The story was about the 50’s-type life of Morley and her mother’s finally feeling empowered enough to express a political opinion that just happened to be the opposite of her husband’s. There was much fussing about who needed to take the sign down and whose was bigger. After some fuming and sign-size besting on the front lawn, the campaign was over with the election of the incumbent, and everything calmed down. But it never went back to the Father Knows Best atmosphere in the house. Mama had found her voice.
Growing up in the 50’s and 60’s, my house wasn’t exactly Leave It to Beaver. We were on the cusp of the feminist movement but at that time, women didn’t leave any footprints in the job force, newsroom or politics. Fathers went off to work and mother stayed home to take care of the kids. Exceptions to this were few and far between.
Politics was my father’s realm. In my memory he had always been a Democratic committeeman, the workhorse of the party. A committeeman knew everyone in the neighborhood and frequently knew more gossip than the women did. They knew who to call for street repairs, traffic tickets, bail money and other pressing problems. When they got help from a committeeman, the neighbors felt an obligation to the ruling party in elections. In Philadelphia, the victors were usually Democrats and the committeemen and Ward leaders worked hard before elections, visiting every house in their division, encouraging them to get out to vote for the Democratic candidate.
Enter JFK, MLK, the Hippie Age of peace and love, anti-war, civil rights marches.
I had seen candidate Kennedy with my own eyes as he rode down Roosevelt Blvd in his convertible, waving to the thousands of people who would eventually vote for him. The nation’s first Catholic president, he was huge in our overwhelmingly Catholic neighborhood. My father got to meet him in his capacity of committeeman and I thought that was magical. It was then I became interested in politics. Or at least I was more aware of the workings of politics in our community than most kids.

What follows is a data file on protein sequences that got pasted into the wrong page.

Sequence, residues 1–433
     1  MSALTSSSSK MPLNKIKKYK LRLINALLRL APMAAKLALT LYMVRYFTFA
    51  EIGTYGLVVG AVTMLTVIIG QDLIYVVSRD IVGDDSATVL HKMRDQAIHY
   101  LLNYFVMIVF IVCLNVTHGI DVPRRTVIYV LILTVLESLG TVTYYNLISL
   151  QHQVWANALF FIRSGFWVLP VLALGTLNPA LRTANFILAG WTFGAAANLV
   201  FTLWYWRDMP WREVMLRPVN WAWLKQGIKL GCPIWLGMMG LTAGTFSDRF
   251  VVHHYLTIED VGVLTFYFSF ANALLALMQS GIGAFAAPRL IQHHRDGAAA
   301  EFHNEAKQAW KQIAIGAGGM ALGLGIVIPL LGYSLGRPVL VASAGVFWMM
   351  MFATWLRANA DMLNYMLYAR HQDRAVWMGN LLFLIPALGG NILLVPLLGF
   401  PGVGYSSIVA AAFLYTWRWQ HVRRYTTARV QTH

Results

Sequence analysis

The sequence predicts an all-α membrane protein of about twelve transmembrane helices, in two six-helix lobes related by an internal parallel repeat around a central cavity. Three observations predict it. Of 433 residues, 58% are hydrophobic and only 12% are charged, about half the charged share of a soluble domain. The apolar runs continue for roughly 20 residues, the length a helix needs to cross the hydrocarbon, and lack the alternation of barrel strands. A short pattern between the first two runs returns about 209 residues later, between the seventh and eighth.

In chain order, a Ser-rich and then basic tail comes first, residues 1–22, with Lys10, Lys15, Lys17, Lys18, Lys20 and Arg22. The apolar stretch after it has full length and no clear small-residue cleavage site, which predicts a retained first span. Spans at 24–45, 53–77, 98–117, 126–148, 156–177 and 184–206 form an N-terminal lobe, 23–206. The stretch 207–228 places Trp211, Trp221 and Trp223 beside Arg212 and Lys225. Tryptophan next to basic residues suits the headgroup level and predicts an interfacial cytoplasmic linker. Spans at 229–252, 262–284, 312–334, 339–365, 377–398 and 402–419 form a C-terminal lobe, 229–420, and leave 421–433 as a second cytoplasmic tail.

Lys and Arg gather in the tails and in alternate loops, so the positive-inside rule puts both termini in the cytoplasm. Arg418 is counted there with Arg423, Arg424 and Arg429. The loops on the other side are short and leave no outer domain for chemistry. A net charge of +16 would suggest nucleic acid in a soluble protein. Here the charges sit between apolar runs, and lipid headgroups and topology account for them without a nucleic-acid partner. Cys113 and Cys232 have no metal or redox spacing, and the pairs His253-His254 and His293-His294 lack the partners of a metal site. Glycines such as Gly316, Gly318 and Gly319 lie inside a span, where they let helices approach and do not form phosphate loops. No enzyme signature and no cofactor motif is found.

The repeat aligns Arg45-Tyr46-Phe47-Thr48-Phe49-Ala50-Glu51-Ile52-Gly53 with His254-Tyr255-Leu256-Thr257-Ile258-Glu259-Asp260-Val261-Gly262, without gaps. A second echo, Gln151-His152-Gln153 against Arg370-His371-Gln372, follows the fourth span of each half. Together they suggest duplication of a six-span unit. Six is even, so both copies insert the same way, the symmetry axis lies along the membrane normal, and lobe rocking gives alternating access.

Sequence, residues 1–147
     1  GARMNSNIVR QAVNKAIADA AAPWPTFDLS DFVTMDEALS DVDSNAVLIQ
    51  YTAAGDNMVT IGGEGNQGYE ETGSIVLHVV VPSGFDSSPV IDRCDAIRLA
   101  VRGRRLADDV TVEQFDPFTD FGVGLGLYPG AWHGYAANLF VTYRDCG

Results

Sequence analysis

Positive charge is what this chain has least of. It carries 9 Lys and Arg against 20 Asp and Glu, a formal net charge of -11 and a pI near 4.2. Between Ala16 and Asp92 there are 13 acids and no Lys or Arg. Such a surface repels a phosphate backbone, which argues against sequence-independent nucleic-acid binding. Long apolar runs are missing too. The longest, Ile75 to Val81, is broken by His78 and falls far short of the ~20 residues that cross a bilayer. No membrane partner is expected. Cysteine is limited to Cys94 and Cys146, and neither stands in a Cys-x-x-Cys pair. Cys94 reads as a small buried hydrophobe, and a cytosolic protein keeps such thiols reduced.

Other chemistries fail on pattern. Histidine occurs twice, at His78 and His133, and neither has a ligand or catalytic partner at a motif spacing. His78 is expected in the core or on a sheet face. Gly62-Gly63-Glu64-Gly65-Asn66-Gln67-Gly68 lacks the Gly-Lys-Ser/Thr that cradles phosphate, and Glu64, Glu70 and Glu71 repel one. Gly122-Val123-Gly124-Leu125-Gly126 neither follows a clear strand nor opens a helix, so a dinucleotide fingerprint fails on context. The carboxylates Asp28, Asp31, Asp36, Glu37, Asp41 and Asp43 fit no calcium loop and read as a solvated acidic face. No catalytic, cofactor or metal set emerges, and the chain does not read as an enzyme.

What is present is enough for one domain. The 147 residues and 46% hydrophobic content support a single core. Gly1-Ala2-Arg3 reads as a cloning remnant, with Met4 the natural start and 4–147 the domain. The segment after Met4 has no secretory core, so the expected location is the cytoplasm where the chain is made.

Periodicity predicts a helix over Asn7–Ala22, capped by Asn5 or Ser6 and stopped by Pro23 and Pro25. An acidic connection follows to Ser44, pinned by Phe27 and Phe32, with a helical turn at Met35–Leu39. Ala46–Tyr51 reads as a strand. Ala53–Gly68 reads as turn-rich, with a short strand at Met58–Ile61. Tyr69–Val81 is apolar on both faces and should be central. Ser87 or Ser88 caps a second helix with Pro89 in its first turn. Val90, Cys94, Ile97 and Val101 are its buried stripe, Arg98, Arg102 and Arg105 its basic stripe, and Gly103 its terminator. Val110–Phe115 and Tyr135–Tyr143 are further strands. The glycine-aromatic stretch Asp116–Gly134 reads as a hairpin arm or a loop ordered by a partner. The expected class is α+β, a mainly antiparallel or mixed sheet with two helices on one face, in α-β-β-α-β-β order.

My awareness of politics piqued my interest in the civil rights movement and the anti-war protestors. I was inextricably connected via the folksongs touting peace. Songs from Arlo Guthrie, Pete Seeger, Joan Baez, Joni Mitchell, Peter, Paul & Mary, and Simon & Garfunkel became the soundtrack of my life. I sang the songs, attended the rallies, picketed for Cesar Chavez and the grape pickers and generally subscribed to the politics of the anti-war movement. During this turbulent period, my father was elected to the State Legislature for our piece of Philadelphia. I gave out campaign literature, made phone calls, and got well acquainted with campaign maneuvers and politics in general. So when Frank Rizzo ran for mayor on the Democratic side in the 70’s, I figured the only reason he switched parties was that he knew a Republican would not stand a chance as a Mayoral candidate. Many saw through his political move. Rizzo had been the Philadelphia Police Commissioner and was notorious for his bullying, his racism, his brashness, and schmoozing of the city’s high-ranking politicians. I was not going to vote for him no matter what.
I managed to procure a Thatcher Longstreth sign (his opponent) and placed in proudly in my bedroom window. My father was not too pleased but once I explained my reasons for supporting Longstreth, he relented. Dad was all about the debate. He wanted to make you think about your positions and opinions. The poster was highly visible as my bedroom windows were facing 2 of the available 3 sides of the house, the sides where the most people would see them as they walked home from the bus stop or playground or corner store. The ward leader saw them too.
He gave my dad a hard time for supporting Rizzo’s opponent. Dad informed him that it was not he, but his daughter who was in favor of the Republican candidate. Dad listened to the ward leaders ranting, but when Mr. M. told him to take it down, Dad said NO. He was in favor of freedom of choice and that applied to his daughter’s vote as well as his. I was forever grateful and impressed that he took that stance.
So if you had walked by the house during that election season, you would have noticed a big RIZZO sign downstairs in the kitchen window where it was highly visible, and above it, on the second floor, an equally large LONGSTRETH sign.
For this was the house that compromise built. At least for that voting season, love and politics did mix!